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Irving Kau has joined Elementz Ventures as a Managing Partner offering his key strengths of fund management, investor relations, research, and leadership to the partnership. Irving brings his extensive experience in both global public investment and global private investment with access to North American and Asia-Pacific-based outlets. During his career, he has worked on the buy-side/investor, sell-side/advisor, and corporate side. Over his career, he has successfully completed over $100M in investments for 15+ companies and taken 8 companies public onto NASDAQ. He is a detail-oriented, global leader focusing himself on follow-through, execution, and task completion. He deeply values character and ‘doing the right thing’ in each and every circumstance despite any potential short-term effects.  Irving is also a Managing Director of KW Capital Partners, a private equity group focusing on pre-IPO investment in N. America that brings innovative and technology companies to a public NASDAQ-listing.  Based on its unique niche, expertise in growth industry sectors and capital markets, KW routinely returns an average ROI between 50-90%. 

Previously Irving was head of Asia Office for GHS (now Seaport Global), a full service investment bank.  He founded and developed the Asia team execution and strategies sourcing deals globally.  He was CFO for Asia market Ag leader Origin Agritech Limited (NASDAQ:SEED). During his tenure of over seven years, while based in Beijing, Origin averaged a forward PE ratio over 35x and possessed an average daily volume of over 1.5M shares (over RMB6.6B market cap, top 25 international NASDAQ company in 2010)  with a roster of many blue-chip investors including Fidelity, Wellington, Citadel, Baron, Heartland and MUFJ. With a background both in finance and science, while publishing several peer-reviewed academic papers, he has the ability to understand the technical aspects of financial, management, and advisory work within many natural science industries. 

He holds an MBA from Rice University in Finance & Strategy and has studied for his Ph.D. at USC in Business Strategy. He also holds FINRA Series 7, 86 & 87 licenses. Irving lives in Irvine CA along with his wife, Linda is and three amazing teenage children.

These are trying times and they certainly are if you are a startup or a Venture Capital fund like us at Elementz Ventures. Due to the pandemic, venture capital is in major state of change –  the boon of the last several years where we have seen record-breaking VC investments of over $100B in the US for the past two years is gone. We are now in a wait-and-see stage which means there is so much uncertainty about what will happen in the future. So what does the future look like for VC? Let’s consider the short-term, medium-term and long-term outlooks for VC investment.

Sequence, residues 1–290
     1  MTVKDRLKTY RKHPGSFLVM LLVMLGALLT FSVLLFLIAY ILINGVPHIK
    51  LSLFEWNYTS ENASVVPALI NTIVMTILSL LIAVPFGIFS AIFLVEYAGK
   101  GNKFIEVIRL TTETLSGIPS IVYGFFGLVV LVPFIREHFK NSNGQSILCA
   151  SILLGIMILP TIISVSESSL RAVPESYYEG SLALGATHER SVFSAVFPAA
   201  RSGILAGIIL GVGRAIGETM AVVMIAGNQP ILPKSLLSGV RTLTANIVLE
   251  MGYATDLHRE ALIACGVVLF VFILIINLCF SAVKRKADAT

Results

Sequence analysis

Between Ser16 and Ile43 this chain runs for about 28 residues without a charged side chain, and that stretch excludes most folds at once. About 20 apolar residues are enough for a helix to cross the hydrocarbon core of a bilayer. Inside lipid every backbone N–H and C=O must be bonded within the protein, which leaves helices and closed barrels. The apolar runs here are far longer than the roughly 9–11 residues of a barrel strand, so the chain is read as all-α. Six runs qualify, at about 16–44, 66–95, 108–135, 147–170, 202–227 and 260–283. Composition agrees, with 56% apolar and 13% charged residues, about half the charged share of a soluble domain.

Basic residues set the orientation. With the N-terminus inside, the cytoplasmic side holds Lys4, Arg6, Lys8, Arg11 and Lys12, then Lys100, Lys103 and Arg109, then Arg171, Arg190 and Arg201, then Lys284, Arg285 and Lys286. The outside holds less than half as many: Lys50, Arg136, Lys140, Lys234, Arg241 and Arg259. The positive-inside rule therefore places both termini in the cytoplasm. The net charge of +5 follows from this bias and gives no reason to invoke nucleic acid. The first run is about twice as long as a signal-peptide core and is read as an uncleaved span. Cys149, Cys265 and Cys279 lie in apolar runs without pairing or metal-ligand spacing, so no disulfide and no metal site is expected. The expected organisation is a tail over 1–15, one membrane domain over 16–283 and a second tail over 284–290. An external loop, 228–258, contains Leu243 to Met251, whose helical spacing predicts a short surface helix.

In the short-term we see that the venture funds that have already raised and invested are spending a lot of time with their portfolio companies helping them to weather the current storm. Their advice to start-ups is to do whatever it takes to survive which means all unnecessary expenses and making sure they can take advantage of the various government loans/grants available to them. For funds currently raising like us, we are in a holding pattern as most LP’s are taking advantage of the public market uncertainty before returning to alternatives after things stabilize. The current climate looks like things would pick up again in the 3rd Qtr for raising.

In the medium term, most funds need to be opportunistic and take advantage of the sectors that are hot right now. According to a recent NYTimes these sectors include, “telemedicine, food delivery, online learning, remote work, gaming — are thriving amid the quarantines.”  For funds with startups within these sectors, they should consider doubling down where it makes sense in order to both support their growth and leverage their returns. A partner fund of Elementz Ventures is doing just that with further investment into three of their portfolio startups in EdTech and Bio. 

In the long-term Venture funds need to be rethinking their strategy for investment. As we look at the future after this pandemic, we need to develop a strategy that accounts for the types of companies that would grow. And in turn we also need to look at what sectors and types of startups  would not be a good investment for a venture fund. 

Here at Elementz Ventures,  we focus on SaaS startups and we are evaluating startups that would come out of this pandemic with a strong  product-market fit as well as solid growth potential. Choosing the right deal flow is as much about science as well as intuition and these are the factors we will consider in order to make Elementz Ventures a successful fund.